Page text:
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Analytical Chemistry

Microchip Blood Test Helps Track Chemical Exposure

Biomonitoring: Microfluidic device isolates and separates compounds for mass spec analysis in a new approach to tracking chemicals

by Jyllian Kemsley
June 8, 2015 | A version of this story appeared in Volume 93, Issue 23

A diagram of a microfluidic blood biomonitoring device.
Credit: Environ. Sci. Technol.
Columns integrated into a microfluidic chip (about 4 cm × 2 cm in size) can detect PFCs or other chemicals from 1 µL of blood plasma.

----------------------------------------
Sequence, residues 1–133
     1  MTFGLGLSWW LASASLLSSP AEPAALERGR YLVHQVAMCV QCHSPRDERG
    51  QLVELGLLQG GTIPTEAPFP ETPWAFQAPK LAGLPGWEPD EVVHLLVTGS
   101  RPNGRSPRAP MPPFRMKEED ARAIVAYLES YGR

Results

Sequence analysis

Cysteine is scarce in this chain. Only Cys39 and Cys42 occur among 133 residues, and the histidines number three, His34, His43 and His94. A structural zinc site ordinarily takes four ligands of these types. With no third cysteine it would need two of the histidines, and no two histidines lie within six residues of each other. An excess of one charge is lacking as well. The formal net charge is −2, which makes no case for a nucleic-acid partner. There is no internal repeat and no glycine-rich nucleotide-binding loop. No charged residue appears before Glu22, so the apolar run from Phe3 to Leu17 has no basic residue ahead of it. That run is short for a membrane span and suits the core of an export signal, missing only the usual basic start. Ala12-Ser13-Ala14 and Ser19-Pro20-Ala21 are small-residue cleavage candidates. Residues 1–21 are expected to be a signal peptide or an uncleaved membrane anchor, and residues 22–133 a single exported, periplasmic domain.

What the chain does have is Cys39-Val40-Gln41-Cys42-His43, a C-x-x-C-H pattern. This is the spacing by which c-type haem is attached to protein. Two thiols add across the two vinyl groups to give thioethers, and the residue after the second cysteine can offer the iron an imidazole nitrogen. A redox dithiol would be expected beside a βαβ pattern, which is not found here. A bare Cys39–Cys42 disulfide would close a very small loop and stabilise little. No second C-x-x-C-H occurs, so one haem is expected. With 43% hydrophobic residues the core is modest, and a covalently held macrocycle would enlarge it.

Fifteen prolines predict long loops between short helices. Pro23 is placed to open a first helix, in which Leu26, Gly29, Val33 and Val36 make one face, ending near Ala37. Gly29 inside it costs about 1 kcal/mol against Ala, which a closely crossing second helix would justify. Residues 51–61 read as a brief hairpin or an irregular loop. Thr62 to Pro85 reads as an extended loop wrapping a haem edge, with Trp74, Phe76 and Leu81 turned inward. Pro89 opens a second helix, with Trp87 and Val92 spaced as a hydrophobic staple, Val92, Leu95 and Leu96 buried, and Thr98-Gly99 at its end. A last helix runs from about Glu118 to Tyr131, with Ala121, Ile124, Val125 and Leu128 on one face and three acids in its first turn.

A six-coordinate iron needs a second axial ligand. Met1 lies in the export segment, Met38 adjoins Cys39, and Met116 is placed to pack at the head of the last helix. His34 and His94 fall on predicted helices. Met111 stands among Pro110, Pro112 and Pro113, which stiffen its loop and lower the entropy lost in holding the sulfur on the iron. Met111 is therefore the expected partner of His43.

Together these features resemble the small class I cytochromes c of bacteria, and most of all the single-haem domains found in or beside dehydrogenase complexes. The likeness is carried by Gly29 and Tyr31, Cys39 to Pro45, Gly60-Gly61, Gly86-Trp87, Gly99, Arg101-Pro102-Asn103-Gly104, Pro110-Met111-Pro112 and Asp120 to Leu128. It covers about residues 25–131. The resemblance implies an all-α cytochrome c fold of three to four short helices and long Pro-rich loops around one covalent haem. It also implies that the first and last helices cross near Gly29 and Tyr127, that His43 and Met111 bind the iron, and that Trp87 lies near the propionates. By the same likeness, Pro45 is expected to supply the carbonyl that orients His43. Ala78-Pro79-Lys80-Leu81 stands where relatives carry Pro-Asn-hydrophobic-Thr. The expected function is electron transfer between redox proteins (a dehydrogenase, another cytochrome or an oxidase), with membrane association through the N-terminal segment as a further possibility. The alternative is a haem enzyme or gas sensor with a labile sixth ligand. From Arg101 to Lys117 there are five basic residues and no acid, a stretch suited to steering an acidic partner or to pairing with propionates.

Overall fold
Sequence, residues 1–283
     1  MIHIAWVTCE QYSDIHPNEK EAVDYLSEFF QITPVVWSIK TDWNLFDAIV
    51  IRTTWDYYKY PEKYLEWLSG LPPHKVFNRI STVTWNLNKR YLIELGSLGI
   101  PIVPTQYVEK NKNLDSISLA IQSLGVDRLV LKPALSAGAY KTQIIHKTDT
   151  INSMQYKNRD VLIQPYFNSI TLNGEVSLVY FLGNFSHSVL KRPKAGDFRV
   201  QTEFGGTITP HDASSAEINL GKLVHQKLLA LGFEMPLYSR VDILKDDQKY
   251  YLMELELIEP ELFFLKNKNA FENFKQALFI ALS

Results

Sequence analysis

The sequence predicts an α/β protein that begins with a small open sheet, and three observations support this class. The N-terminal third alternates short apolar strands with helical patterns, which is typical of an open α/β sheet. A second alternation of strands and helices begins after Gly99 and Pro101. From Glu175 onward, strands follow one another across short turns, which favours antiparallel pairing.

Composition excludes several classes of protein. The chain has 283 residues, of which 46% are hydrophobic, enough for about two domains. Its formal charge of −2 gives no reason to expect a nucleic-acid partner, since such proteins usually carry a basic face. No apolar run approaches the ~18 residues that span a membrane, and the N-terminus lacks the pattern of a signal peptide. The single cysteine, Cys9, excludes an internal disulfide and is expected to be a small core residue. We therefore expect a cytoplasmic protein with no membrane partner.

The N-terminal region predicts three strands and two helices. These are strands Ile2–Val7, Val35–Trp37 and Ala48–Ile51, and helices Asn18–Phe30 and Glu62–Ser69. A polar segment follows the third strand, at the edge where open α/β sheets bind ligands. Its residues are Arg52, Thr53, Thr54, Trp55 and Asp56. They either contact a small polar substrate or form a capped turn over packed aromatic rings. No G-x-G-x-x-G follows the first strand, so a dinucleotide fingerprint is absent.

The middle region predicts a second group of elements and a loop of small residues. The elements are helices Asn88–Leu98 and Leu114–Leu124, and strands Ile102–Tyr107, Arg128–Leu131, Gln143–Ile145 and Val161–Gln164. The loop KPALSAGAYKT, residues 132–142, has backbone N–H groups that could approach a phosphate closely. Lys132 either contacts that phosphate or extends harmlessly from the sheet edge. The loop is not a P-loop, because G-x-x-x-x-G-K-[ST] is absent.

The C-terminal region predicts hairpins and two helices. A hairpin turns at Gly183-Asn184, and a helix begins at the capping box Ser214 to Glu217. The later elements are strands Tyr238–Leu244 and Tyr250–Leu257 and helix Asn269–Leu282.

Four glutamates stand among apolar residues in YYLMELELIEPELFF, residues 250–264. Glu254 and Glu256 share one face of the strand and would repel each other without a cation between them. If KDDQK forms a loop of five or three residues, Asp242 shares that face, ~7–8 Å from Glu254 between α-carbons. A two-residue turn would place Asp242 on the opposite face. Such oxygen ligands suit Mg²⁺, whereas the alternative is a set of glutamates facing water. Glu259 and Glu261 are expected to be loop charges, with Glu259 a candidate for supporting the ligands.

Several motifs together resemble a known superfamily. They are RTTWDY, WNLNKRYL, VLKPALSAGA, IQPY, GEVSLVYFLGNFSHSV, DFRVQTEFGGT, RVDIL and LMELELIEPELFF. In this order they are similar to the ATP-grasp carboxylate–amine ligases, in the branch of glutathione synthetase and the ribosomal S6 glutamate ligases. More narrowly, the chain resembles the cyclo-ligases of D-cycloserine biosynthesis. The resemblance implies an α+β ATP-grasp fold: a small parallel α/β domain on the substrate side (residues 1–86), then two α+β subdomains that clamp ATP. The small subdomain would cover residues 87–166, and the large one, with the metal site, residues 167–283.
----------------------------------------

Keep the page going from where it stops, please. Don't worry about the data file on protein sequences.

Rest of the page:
A microfluidic chip can quantitate as little as 50 femtograms of a perfluorinated compound (PFC) in a 1-µL sample of human blood plasma, report Pan Mao and Daojing Wang of Newomics, a company based in Emeryville, Calif. (Environ. Sci. Technol. 2015, DOI: 10.1021/acs.est.5b01442). To evaluate long-term exposure to persistent pollutants such as PFCs, rapid analysis of small samples is necessary. Mao and Wang’s miniature silicon-based chip incorporates a solid-phase extraction (SPE) column for sample cleanup, a mixer and trap to concentrate analytes, and a liquid chromatography column to separate the analytes before funneling them into a mass spectrometer for detection. The researchers demonstrated the analytical capability of the device by testing human blood plasma—the liquid component of blood that normally carries blood cells and platelets—that was deproteinated before injection, as well as by using a NIST reference material containing several PFCs. The sample run time from analysis through mass spec data collection takes an hour. Changing the extraction column material could allow for on-chip processing of whole blood samples, such as from a finger prick, and changes to the mixer geometry could reduce the assay run time, the researchers suggest.


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